Yes, ADHD makes many tasks harder, but children should learn to take responsibility, Meyer says.
“Don’t let them make ADHD an excuse for something.," Meyer says.
"For example, many young children quickly learn to say things, such as, “I don’t need to do my homework because I have an attention deficit disorder,” Meyer says. “That’s not going to cut it."
The reality? “It may be harder for me to do my homework because I have an attention deficit disorder.”
4. Enforce rules and consequences calmly.
For a child with ADHD, it helps to have verbal and written expectations. For example, parents could post a chart that lists the child’s responsibilities and the house rules.
Rewards are fine, Meyer says, but make them immediate, such as TV time or gold stars that can be redeemed for prizes. Since children with ADHD have trouble with planning for the future, it may not work to offer a new bike for a year’s worth of good grades.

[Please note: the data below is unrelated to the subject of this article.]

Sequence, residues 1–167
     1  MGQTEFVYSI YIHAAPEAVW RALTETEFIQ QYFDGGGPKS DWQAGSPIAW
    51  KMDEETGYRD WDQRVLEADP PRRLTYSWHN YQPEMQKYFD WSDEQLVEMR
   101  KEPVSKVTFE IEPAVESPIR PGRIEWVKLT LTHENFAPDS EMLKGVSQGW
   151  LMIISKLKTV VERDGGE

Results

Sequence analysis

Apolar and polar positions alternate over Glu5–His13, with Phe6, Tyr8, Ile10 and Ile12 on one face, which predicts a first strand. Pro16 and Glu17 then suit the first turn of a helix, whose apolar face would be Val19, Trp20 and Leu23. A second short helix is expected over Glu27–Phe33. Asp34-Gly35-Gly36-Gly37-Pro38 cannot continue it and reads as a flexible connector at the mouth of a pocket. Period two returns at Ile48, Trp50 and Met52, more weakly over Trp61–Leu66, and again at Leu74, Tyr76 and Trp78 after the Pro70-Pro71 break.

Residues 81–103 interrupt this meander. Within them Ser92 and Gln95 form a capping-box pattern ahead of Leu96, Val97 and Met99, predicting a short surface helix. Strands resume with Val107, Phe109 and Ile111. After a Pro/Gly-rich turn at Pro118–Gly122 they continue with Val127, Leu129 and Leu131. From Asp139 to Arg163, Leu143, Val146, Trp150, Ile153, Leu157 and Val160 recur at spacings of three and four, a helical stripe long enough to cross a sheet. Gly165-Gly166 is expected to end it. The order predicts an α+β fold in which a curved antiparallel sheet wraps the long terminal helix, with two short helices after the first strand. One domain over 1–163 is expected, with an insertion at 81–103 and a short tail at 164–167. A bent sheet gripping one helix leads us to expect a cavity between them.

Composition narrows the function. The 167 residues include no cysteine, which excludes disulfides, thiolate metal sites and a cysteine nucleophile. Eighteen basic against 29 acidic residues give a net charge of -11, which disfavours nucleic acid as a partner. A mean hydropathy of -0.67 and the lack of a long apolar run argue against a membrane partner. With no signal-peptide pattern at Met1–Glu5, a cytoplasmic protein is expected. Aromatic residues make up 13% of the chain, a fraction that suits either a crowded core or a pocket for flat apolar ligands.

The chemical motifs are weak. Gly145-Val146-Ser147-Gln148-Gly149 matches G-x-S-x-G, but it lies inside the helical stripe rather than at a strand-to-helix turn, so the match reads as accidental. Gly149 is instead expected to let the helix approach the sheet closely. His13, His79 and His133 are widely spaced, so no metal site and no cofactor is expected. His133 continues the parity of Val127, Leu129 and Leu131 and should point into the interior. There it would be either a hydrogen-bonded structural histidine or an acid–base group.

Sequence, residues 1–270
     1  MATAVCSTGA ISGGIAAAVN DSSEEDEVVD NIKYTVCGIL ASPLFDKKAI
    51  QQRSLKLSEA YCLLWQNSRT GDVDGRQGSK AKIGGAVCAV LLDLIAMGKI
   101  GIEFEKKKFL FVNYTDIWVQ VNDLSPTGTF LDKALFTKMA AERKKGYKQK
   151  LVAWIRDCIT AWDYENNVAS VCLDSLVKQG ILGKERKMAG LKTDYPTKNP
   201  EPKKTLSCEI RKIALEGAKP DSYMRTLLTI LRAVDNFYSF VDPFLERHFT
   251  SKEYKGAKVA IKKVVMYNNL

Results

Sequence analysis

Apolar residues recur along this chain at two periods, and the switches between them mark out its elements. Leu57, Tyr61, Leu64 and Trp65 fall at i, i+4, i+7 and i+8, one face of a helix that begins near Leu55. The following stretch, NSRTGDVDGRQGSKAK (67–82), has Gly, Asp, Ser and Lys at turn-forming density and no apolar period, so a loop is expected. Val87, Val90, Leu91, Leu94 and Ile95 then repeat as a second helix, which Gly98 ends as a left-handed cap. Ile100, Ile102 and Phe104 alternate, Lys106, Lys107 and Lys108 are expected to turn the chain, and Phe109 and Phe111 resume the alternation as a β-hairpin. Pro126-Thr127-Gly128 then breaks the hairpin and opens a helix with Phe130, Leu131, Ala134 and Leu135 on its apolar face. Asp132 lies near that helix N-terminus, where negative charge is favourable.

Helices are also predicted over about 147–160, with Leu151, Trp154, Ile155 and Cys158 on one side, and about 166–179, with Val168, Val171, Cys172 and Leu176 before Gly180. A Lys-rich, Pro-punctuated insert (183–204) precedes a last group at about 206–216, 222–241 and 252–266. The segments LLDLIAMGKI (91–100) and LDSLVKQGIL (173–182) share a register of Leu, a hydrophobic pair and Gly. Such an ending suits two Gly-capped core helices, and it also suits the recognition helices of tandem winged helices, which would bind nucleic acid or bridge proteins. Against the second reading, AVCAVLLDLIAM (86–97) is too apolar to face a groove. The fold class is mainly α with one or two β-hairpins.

Parents must be clear about consequences and enforce them right away, calmly and clearly. While parents may often feel frustrated, avoid punishing in the heat of disappointment or anger, Meyer says.
That can be hard when a parent has ADHD, too, Quinn says. The disorder can run in families.
Parents with ADHD might yell because they have trouble with impulsivity, according to Quinn. “We really do try to help the parent remain in control in these situations," she says. "Often, I say that the child doesn’t need a time out -- sometimes the parent needs a time-out before they discuss the situation.”
Parents need to get their own ADHD under control so that they can model appropriate behavior, Quinn says.
5. Help your child discover their strengths.
Children with ADHD are often compared unfavorably to others. Hence, some develop low self-esteem and depression, Meyer says.
Problems with self-esteem occur as early as age 8, says Quinn. Many teens with ADHD, especially if undiagnosed, develop a learned helplessness. “They say, ‘Nothing ever goes right for me. Why should I even bother to try?’ There’s a lot of demoralization and depression that goes along with it," Quinn says.